We’ve seen how these trends have made it difficult for recruitment companies in the sector, particularly for those focussed on generalist IT and generating large portions of revenue from the States. On the flip side, more specialist agencies focussed on niche areas of IT, such as ERP, Cloud, and Cyber, have remained relatively robust. Niche verticals in recruitment & staffing are often still highly sought-after during periods of economic downturn because clients are still likely to require specialist expertise in the fewer hires they are making.  

Technology Implementation in the Staffing Sector

There’s been a large emphasis on technology integration for staffing agencies this year, with many looking at ways to automate business operations to improve efficiencies and adapt in a more challenging market. For example, the adoption of ChatGPT in administrative day-to-day tasks has become increasingly popular, with consultants using it to vet applications and draft job descriptions, to allow more focus on revenue-generating activities. Additionally, AI holds the potential to enhance an agency’s diversity and inclusion hiring policies, both internally and for their clients. By analysing job descriptions and using more inclusive language, AI can help attract a more diverse pool of applicants while mitigating unconscious biases.

The use of Chatbots is also gaining traction in Recruitment, with bots utilised to handle common queries, schedule interviews, and manage tasks like booking meeting rooms. With 24-hour operation, candidates may have urgent questions answered on the weekend or after hours, which consequently improves the candidates experience also reduces a consultant's administrative workload.

Businesses operating in the verticals within temporary staffing, such as Light Industrial, Education and Healthcare sectors, are now developing in house apps to improve both their client and candidate’s experience. Staffing apps are an efficient way of managing candidate background checks, timesheets and invoices. Moreover, clients can use the tech platform to book staff directly, while candidates can set their own schedules and avoid receiving calls on days they prefer not to work. This tech enabled offering will allow small teams of consultants to manage larger temp books, keeping operational costs low and therefore improving margins. 2024 will mark an uptick in tech implementation, either by acquisition, in house development or the use of third-party providers. This shift will create leaner and more efficient agencies capable of enduring tough hiring markets.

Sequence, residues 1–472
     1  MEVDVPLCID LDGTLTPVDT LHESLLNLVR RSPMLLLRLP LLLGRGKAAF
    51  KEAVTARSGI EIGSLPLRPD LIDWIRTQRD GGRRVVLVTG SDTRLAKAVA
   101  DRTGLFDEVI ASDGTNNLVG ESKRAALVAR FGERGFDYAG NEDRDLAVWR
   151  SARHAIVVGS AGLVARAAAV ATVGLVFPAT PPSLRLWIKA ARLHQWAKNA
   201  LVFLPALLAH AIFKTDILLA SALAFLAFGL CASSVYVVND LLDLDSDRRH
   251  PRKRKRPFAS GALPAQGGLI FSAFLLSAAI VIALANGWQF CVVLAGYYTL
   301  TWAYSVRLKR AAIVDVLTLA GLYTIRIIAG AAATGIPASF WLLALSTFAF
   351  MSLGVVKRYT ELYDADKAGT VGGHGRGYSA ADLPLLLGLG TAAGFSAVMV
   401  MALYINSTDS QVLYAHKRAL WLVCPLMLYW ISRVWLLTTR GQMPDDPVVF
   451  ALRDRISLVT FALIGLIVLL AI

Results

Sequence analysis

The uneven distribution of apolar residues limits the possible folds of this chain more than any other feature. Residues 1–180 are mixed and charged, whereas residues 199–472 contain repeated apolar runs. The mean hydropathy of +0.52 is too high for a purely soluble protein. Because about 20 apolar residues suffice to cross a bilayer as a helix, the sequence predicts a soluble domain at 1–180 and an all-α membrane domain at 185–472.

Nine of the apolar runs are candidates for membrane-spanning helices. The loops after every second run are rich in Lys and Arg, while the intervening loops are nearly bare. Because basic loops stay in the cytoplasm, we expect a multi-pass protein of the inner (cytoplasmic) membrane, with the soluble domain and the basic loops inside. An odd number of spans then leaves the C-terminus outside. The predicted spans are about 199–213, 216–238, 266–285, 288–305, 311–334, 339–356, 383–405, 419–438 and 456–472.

2024 Outlook – Time to Get Ahead of the Curve?

Many of the themes impacting Recruitment this year have meant that M&A deal volumes have been down on previous years. As we look towards 2024, there are several catalysts which have the potential to start encouraging buyers to abandon their previous cautionary approach. With strategies directed towards market consolidation, a potential stability in interest rates, and increasing pressures in the volume of dry powder left to deploy, we may expect to see an uptick in the outlook for M&A activity. Additionally, a disparity between buyer / seller valuation expectations had impeded dealmaking in recent years, whereas now, more normalised trading conditions will assist with bridging the gap.


We might also see an increased volume of distressed M&A activity, as companies that previously maintained market share now face declining revenues, with possible openings for undervalued targets and turnaround opportunities. Companies that borrowed with the expectation of higher returns may find themselves struggling to repay debts due to lower-than-expected growth. An M&A restructuring may be the only solution to provide companies with a new path forward.

Overall, Connect’s outlook for 2024 M&A remains optimistic, with many buyers expected to be getting ahead of the curve on M&A opportunities to capitalise on more realistic valuations the current environment has created.